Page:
Oral health, academic performance, and school absenteeism in children and adolescents: A systematic review and meta-analysis

Ryan Richard Ruff, Sashendra Senthi, Stephanie R. Susser, Atsuko Tsutsui

Research output: Contribution to journalReview articlepeer-review


Background: The authors conducted a systematic review and meta-analysis to provide a summary estimate of the association between oral health and academic performance. Types of Studies Reviewed: The authors conducted a systematic search of PubMed, Embase, and Google Scholar for studies on oral health, school absence, and academic achievement published in English from January 1945 through December 2017. Exposures included subjectively or objectively measured caries, oral pain, and periodontitis. Outcomes included school absence and school achievement. Results: The authors screened a total of 2,041 studies, from which they extracted data from 14 studies of 139,989 children (12 cross-sectional studies, 1 case-control study, and 1 longitudinal study). Five studies had school absence as the primary outcome, and 7 studies had student achievement as the primary outcome. Three studies included both outcomes. The authors found no studies for periodontitis. The average modified Newcastle-Ottawa Scale score was 3.93. The authors rated 10 studies as having a low risk of bias and 4 as having a high risk of bias. Qualitative synthesis suggested that poor oral health may have negative effects on student absenteeism and achievement, but study quality was highly variable. Results from meta-analyses indicated that poor oral health was significantly associated with increased odds of poor academic performance (pooled odds ratio, 1.52; 95% confidence interval, 1.20 to 1.83) and absenteeism (pooled odds ratio, 1.43; 95% confidence interval, 1.24 to 1.63). Conclusions and Practical Implications: Increased focus on the broader implications of improvements in oral health for children, such as educational or socioemotional development, is of further interest to practicing dentists owing to the greater connection between oral health and general health. The authors of this study found that caries or tooth pain had a negative association with academic achievement and school absenteeism. However, study quality was limited by inconsistent exposure and outcome definitions and a predominance of cross-sectional designs. Thus, causal conclusions are not supported.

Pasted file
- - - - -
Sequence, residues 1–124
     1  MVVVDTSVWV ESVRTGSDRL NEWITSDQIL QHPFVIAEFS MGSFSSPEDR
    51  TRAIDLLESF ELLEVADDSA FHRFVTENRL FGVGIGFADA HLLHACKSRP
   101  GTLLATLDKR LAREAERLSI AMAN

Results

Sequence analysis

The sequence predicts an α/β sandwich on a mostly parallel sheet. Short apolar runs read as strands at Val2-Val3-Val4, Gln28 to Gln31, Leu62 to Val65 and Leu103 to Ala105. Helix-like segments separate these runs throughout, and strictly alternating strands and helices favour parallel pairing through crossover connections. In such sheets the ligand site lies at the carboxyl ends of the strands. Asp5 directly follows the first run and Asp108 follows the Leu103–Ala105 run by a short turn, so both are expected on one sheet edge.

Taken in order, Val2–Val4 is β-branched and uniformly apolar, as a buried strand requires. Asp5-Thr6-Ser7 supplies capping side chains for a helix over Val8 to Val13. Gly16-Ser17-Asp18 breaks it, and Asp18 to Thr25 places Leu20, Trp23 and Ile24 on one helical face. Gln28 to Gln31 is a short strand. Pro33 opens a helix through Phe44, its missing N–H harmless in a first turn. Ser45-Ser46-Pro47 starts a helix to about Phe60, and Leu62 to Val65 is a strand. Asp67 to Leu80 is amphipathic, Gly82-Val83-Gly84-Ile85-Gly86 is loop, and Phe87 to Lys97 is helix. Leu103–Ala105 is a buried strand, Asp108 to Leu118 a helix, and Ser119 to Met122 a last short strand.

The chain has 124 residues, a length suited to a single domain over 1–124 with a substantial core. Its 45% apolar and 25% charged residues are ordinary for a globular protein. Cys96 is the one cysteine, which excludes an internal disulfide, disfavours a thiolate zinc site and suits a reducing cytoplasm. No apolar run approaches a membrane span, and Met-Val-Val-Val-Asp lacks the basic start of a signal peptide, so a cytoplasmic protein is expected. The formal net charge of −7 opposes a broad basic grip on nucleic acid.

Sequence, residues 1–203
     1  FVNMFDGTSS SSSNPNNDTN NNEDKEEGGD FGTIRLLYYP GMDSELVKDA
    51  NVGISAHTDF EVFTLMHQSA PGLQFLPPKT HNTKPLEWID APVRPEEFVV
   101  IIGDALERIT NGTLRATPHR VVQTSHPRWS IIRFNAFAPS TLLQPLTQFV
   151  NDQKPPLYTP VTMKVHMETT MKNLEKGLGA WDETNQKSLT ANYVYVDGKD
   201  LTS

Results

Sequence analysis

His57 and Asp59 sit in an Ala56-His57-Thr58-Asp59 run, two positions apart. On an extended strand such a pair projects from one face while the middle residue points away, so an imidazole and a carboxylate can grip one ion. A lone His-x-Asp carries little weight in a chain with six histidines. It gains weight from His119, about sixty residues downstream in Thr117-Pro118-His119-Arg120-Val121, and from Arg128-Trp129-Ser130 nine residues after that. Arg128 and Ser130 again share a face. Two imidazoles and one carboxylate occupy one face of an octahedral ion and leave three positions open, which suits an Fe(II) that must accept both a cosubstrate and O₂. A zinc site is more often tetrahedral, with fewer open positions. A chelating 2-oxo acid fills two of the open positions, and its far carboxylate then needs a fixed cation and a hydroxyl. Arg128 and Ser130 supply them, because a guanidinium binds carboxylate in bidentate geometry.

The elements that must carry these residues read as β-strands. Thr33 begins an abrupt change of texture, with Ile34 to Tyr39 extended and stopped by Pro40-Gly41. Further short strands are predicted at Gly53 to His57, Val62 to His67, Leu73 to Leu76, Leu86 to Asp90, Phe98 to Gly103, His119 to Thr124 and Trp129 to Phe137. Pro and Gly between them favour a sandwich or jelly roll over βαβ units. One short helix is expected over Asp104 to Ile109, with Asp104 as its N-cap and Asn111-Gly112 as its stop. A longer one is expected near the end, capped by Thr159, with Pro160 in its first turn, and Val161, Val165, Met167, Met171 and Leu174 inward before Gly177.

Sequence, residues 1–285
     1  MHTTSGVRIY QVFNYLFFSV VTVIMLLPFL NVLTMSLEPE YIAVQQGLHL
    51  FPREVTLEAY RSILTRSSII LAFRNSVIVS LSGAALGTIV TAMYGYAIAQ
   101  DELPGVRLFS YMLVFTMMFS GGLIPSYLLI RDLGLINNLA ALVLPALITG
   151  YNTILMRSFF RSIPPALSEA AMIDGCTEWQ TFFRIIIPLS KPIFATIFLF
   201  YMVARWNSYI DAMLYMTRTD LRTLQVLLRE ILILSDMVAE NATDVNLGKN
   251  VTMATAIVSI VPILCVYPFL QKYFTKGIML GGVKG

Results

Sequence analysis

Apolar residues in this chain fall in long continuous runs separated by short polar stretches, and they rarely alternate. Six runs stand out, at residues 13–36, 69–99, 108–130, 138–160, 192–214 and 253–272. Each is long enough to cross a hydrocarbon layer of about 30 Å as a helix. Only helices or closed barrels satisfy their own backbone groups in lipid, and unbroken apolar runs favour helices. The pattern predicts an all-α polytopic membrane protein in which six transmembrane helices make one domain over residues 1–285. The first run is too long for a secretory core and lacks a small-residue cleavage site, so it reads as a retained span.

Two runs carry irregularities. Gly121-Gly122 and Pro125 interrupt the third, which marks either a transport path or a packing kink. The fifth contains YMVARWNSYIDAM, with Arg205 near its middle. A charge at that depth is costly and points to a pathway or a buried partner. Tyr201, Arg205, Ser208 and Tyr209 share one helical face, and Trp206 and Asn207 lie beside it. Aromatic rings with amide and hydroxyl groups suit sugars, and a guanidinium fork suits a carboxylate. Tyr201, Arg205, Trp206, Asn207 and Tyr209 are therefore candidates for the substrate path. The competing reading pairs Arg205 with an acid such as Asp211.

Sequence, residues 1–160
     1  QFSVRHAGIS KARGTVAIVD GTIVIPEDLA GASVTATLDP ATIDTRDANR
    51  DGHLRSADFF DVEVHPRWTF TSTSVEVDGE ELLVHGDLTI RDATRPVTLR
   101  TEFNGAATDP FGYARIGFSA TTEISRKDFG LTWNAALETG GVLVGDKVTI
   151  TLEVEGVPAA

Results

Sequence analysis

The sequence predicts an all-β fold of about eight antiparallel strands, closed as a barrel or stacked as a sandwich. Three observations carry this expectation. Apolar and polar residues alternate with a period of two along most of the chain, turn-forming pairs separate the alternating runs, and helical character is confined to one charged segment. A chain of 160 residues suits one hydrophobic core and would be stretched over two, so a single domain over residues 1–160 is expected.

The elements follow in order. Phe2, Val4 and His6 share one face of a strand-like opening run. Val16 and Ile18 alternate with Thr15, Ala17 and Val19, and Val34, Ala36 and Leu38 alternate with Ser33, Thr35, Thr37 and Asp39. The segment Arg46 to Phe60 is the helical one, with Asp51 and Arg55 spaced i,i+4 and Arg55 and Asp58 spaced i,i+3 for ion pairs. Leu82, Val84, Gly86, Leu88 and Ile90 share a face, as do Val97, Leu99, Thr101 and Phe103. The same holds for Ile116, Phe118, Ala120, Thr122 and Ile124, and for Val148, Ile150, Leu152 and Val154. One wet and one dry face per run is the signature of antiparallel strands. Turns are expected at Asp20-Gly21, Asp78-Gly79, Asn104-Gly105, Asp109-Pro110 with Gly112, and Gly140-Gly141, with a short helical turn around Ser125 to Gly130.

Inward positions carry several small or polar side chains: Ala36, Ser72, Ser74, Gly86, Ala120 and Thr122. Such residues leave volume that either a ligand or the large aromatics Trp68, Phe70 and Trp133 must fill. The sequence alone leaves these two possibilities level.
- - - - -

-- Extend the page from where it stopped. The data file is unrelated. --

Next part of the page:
Original languageEnglish (US)
Pages (from-to)111-121.e4
JournalJournal of the American Dental Association
Issue number2
StatePublished - Feb 2019


  • Oral health
  • absenteeism
  • academic performance
  • adolescent
  • caries
  • child
  • education
  • meta-analysis
  • periodontitis

ASJC Scopus subject areas

  • General Dentistry


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